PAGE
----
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Learn about several open data sets

Introduction to open data sets and the importance of metadata

More data is becoming freely available through initiatives such as institutions and research publications requiring that data sets be freely available along with the publications that refer to them. For example, Nature magazine instituted a policy for authors to declare how the data behind their published research can be accessed by interested readers.

To make it easier for tools to find out what’s in a data set, authors, researchers, and suppliers of data sets are being encouraged to add metadata to their data sets. There are various forms for metadata that data sets use. For example, the US Government site uses the standard DCAT-US Schema v1.1 whereas the Google Dataset Search tool relies mostly on tagging. However, many data sets have no metadata at all. That’s why you won’t find all open data sets through search, and you need to go to known portals and explore if portals exist in the region, city, or topic of your interest. If you are deeply curious about metadata, you can see the alignment between DCAT and in the DCAT specification dated February 2020. The data sets themselves come in various forms for download, such as CSV, JSON, GeoJSON, and .zip. Sometimes data sets can be accessed through APIs.

Another way that data sets are becoming available is through government initiatives to make data available. In the US, has more than 250,000 data sets available for developers to use. A similar initiative in India,, has more than 350,000 resources available.

Companies like IBM sometimes provide access to data, like weather data, or give tips on how to process freely available data. For example, an introduction to NOAA weather data for JFK Airport is used to train the open source Model Asset eXchange Weather Forecaster (you can see the model artifacts on GitHub). You may also be interested in the IBM Data Asset eXchange (DAX) where you can explore useful data sets for enterprise data science. You can also register to access IBM Weather Operations Center data sets and Geospatial Analytics capabilities. Note: The Weather Operations Center has been renamed the IBM Environmental Intelligence Suite. These data sets are normalized and easy to use. To get access to the WOC, send email to indicating that you are a Call for Code participant. Include your name, email address, and your company or organization and IBMid. You should gain access within 2 working days.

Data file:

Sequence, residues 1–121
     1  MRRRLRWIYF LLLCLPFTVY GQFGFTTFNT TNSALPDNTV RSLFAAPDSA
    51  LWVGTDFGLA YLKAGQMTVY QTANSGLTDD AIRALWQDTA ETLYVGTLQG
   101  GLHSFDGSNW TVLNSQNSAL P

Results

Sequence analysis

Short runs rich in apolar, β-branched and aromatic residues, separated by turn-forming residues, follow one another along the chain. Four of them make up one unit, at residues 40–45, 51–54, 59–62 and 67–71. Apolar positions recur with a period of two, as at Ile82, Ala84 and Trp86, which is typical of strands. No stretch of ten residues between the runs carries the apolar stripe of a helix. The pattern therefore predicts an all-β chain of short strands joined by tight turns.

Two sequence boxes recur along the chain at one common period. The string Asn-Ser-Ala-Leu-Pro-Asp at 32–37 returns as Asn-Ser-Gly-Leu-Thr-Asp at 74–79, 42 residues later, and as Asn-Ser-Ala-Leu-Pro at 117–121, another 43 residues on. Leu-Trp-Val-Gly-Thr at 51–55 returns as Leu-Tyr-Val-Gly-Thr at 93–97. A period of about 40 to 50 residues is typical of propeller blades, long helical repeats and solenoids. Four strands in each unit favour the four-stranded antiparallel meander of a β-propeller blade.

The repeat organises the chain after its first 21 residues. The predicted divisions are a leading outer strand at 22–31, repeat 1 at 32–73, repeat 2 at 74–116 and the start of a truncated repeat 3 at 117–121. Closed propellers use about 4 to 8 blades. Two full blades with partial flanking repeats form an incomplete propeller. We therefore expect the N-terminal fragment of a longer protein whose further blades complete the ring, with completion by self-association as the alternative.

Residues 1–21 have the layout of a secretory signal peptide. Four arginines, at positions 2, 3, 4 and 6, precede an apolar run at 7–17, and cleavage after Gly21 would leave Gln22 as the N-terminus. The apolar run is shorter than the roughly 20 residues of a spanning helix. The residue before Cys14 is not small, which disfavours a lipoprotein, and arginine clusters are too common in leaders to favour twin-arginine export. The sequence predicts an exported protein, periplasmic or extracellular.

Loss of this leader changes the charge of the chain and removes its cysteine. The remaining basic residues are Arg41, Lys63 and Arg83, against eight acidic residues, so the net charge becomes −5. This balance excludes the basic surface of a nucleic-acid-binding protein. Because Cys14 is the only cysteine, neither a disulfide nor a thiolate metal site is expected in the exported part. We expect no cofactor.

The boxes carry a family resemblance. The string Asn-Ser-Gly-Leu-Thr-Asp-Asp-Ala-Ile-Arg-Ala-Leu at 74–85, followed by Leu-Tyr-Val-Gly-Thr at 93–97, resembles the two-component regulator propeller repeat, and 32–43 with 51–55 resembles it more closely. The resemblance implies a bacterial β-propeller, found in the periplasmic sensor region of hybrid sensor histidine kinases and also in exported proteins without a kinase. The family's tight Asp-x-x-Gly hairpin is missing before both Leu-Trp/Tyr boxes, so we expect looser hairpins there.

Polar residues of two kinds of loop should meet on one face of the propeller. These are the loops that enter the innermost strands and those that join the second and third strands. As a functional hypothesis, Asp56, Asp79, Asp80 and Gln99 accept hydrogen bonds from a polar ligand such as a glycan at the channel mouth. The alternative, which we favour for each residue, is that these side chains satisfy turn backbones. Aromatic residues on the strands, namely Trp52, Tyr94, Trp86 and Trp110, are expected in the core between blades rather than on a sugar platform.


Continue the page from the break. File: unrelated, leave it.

When developing a prototype or training a model during a hackathon, it’s great to have access to relevant data to make your solution more convincing. There are many public data sets available to get you started. I’ll go over some of the ways to find them and provide access considerations. Note that some of the data sets might require some pre-processing before they can be used, for example, to handle missing data, but for a hackathon, they are often good enough.

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You can use Google Dataset Search. With the Dataset Search tool, you can locate data sets through keywords such as a country or city, or a category such as medical or agriculture. There are additional filters you can apply such as how recently the data set was updated, the download format (for example, JSON or image), usage rights (commercial or non-commercial), and whether the data set is free. Dataset Search is a great tool for data sets where metadata (such as tags) have been supplied with the data set. However, there are data sets that do not yet have metadata in the form that Google Dataset Search uses so that’s when you go to locations where there are many data sets. Of course, some data sets can be found using both methods.

Ways to find data sets: Go to locations where there are many data sets

Many governments and institutions such as the United Nations and the World Economic Bank provide data sets. Following are some examples:

Data set aggregator sites and miscellaneous catalogs

Some sites collate data sets into categories sourced from other locations including data sets from the sites. It’s worth taking a look at these sites, noting that some do charge for specialized access. However, these aggregator sites do give you an idea of what’s available. Examples of sites that aggregate collections of data sets or provide introductions to open data sets include:

License and privacy considerations

It is easier to use factual data sets such as measurements, tabular data, land mass, reservoirs, and weather, and avoid personal data such as names and pictures of people that might have privacy concerns, which vary from country to country.

Occasionally, you will find data sets that will state that they are for academic use only. The owners are usually fine with the data set being used in a hackathon setting, but it is best to check. An example of such a data set is a multimodal (image and text) Deep Learning For Disaster Response data set (, which states that it is available for download only for academic purposes. In this case, we have confirmed with the author that she is agreeable that the data set may be used in hackathons, particularly those for social good. You can take a similar approach. And please note if you move on and start selling the software you created in the hackathon or make it part of a product, then you should not use data sets that are marked for academic use.

Many data sets, where there is a license specified, will have a Creative Commons (CC) license. An example of such a data set is the earthquake data EEW. Be aware that the CC by NC variant means that the data set cannot be used for commercial purposes.

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